In Africa, Ethiopia is the only country which was never colonized by a European power. This was the result of the famous Battle of Adwa on March 1, 1896, which marked the Ethiopian victory against Italian colonialism. The Battle of Adwa against Italy arose from the deceitful 1889 Treaty of Wuchale between the Ethiopian Empire and Italy, a treaty whose article 17 had two different meanings in Amharic and Italian versions: The Amharic version recognized the sovereignty of Ethiopia and its relationship with Italy as just a diplomatic partnership, while the Italian version made Ethiopia Italy’s protectorate. The moment that discrepancy/trickery was uncovered, Empress Taytu Betul was the first to agitate Emperor Menelik II and other men to stand up for liberty, and dignity against Italian aggression. I am publishing here the Treaty of Wuchale. Special thanks to the Horn Affairs website for publishing the English version in its entirety. Some claim that Article 3 actually paved the way for Italians to claim Ethiopian lands (Eritrea). Well, here is the document of one of those treacherous treaties signed or rather forced upon Africans by European powers. Thank goodness for Taytu Betul,Menelik II, and their team of loyal and intelligent ministers and interpreters. I have attached the pdf version too.
Treaty of friendship and trade between the kingdom of Italy and the Empire of Ethiopia (Treaty of Wuchale)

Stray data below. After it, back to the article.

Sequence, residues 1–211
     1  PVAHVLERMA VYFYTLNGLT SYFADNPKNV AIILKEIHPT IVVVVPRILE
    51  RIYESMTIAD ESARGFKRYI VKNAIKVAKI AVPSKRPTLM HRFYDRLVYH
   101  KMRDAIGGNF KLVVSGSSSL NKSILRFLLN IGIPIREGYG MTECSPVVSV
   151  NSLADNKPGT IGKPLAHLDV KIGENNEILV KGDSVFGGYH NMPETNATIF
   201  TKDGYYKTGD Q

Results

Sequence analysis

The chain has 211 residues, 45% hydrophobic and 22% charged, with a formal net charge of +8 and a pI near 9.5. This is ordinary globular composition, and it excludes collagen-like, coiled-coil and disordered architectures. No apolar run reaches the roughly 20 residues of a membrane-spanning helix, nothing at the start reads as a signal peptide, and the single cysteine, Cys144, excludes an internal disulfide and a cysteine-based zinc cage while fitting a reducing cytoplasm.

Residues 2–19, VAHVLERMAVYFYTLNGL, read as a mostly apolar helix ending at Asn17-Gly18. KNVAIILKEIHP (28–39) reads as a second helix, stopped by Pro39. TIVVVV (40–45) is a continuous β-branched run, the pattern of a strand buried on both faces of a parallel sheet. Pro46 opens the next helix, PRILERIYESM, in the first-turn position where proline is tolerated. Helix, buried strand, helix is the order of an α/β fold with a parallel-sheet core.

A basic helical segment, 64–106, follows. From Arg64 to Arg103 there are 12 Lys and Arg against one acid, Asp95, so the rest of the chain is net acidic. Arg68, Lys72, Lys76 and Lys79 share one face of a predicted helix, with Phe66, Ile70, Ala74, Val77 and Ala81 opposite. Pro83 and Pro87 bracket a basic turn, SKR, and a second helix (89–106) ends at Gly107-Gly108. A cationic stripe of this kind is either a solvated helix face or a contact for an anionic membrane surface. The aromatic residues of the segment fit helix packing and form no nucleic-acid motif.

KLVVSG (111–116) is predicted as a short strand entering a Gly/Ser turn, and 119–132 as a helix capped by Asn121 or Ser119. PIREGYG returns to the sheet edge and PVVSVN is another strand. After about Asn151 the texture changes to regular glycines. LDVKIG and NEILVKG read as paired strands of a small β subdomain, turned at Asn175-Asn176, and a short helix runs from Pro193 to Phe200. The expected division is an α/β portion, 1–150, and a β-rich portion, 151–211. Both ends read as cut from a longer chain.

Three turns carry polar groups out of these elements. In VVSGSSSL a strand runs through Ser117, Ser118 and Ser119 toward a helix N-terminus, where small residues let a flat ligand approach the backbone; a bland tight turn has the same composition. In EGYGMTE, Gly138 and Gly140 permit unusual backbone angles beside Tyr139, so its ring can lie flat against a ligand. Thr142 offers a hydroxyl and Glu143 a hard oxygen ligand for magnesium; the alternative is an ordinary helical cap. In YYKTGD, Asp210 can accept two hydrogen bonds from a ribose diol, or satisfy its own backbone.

His Majesty King Umberto I of Italy and Menelik His Majesty The King of Kings of Ethiopia, in order to make meaningful and lasting peace between the two Kingdoms of Italy and Ethiopia have agreed to conclude a treaty of friendship and commerce .
And His Majesty the King of Italy having delegated as his representative, Count Pietro Antonelli, Commander of the Crown of Italy, Knight SS. Maurice and Lazarus, his extraordinary posted by His Majesty the King Menelik, whose full powers were found in good and due form, and His Majesty the King Menelik concluded in his name as King of Kings of Ethiopia, agreed and concludes the following Articles:
Article 1. There will be perpetual peace and friendship between His Majesty the King of Italy and His Majesty the King of Kings of Ethiopia and between their respective heirs, successors, servants and protected populations.
Article 2. Each Contracting Party shall be represented by a diplomatic agent accredited to I’altra and may appoint consuls, agents and consular officers in the other. Such officials shall enjoy all the privileges and immunities according to the customs of the European governments.